What’s in Store for Storage in 2014
With the start of the new year, it's time once again for those
of us in enterprise storage to look ahead and offer our predictions for what the
industry will see in 2014 by Janae Lee, SVP strategy, Quantum Corp.
Ten trends that will have a big impact in the coming
- 1) Time to Retire the
'Primary' from Primary Storage - With
the continued growth of data and increased strategic value of connecting
historical data with new data, primary storage is no longer the main game in
town. Getting data off expensive primary storage, while keeping it readily
accessible, will take on greater importance. As a result, there will be
increased focus on tiered storage, with new technologies such as next
generation object storage and LTFS being widely adopted.
- 2) VM Data: 'Just Let Me Be
Me' - Look for a greater emphasis on
simplifying backup and archive for VMs, particularly keeping the data in its
native format. With virtual environments continuing to proliferate, there
will be even greater need for virtual deduplication appliances and backup
software to protect data in native format as IT managers demand faster,
easier restores and portability across private and public clouds.
- 3) MSPs and VARs Cloud the
Picture - Expect more MSPs and VARs to
add cloud Backup-as-a-Service and DR-as-a-Service to their lineup of
offerings as a way to bring more value to their customers. Major storage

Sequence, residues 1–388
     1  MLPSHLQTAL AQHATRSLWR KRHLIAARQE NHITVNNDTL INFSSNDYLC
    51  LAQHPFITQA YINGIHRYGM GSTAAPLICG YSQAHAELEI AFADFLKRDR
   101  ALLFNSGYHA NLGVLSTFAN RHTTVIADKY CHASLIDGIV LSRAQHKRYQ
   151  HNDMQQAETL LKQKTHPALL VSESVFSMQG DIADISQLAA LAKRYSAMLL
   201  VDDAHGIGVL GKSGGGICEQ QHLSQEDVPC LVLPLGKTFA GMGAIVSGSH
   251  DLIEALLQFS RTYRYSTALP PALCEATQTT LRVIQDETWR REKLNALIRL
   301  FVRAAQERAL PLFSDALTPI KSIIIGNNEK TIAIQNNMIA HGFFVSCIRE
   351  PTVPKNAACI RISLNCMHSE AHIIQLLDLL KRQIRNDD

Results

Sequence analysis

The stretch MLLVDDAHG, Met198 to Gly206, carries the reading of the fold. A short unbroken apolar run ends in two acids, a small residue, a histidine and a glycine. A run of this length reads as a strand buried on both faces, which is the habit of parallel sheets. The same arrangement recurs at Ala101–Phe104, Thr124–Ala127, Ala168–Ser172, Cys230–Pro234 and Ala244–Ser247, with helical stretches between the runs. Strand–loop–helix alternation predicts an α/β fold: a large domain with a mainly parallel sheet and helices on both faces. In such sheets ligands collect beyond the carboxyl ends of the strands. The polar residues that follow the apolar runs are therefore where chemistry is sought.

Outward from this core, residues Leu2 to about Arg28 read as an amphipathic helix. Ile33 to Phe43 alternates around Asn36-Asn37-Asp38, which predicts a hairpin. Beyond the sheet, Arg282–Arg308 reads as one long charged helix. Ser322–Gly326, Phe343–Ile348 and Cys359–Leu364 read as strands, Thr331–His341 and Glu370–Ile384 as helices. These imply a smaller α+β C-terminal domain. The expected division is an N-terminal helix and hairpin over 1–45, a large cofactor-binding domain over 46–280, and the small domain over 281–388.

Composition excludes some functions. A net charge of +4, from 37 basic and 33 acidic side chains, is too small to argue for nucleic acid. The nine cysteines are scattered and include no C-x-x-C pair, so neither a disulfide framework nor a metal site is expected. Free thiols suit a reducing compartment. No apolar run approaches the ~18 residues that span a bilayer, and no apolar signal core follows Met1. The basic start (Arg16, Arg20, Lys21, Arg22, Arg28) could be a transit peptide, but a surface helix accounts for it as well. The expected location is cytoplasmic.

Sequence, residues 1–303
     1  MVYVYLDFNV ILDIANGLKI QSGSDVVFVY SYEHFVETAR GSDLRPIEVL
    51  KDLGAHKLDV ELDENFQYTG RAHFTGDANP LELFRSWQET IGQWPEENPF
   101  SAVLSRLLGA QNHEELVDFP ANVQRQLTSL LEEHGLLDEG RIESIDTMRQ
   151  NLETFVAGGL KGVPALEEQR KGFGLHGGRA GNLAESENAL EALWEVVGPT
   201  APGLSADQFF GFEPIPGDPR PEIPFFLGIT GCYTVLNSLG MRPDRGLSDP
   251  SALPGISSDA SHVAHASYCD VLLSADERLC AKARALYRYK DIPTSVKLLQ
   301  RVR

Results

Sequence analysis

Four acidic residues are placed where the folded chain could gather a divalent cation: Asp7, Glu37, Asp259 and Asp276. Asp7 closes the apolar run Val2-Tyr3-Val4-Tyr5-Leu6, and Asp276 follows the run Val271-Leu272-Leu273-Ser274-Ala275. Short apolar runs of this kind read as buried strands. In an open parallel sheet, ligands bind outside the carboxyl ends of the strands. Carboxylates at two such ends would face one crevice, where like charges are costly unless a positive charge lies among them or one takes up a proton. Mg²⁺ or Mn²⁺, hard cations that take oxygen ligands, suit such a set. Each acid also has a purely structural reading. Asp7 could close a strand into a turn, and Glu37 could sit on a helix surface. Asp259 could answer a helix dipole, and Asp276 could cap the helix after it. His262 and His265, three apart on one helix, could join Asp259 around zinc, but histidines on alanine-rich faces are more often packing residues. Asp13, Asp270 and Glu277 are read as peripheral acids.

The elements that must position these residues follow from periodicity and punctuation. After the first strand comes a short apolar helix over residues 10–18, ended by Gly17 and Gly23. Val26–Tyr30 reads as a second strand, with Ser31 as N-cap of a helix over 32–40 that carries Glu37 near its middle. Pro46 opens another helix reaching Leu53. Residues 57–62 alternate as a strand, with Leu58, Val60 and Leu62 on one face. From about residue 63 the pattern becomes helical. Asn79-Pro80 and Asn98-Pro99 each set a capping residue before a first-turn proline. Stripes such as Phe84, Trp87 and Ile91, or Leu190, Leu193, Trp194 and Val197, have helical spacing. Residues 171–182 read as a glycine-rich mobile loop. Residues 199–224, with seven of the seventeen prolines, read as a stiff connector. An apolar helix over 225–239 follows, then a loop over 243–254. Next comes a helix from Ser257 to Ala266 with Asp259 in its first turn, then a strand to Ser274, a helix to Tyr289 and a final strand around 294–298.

companies will play a key supporting role in providing the underlying
technologies as part of a broader effort to compete with cloud leaders such
- 4) I'm Not Getting
'Nirvanixed' - Following the initial
enthusiasm surrounding public cloud's potential, it was perhaps inevitable
that issues such as security and availability would attract more scrutiny,
and the collapse of Nirvanix is giving some of those issues greater urgency.
Companies will be more careful about weighing the cost savings benefits of
public cloud backup against the slower recovery speeds, as well as concerns
for their data's security in multi-tenant clouds. Hybrid approaches that
offer the best aspects of public and private clouds will have increasing
appeal - particularly the benefits inherent in keeping a local copy on
premise for quick recovery and assured availability.
- 5) The NSA is Right: It's
All about Metadata - While recent
revelations about NSA spying are troubling from a privacy standpoint, the
agency certainly isn't alone in recognizing the increasing value of
metadata. When it comes to storage, system metadata has long been important.
This is the information about a data file/object that gets stored
automatically such as author, size, date created, date modified, etc. In the
next year, there will be growing demand to automate the collection of
application metadata - information about a data file/object that relates to
its content - connecting the data to its business value and usage.
- 6) The Need for Global
(Data) Warming - As data volumes grow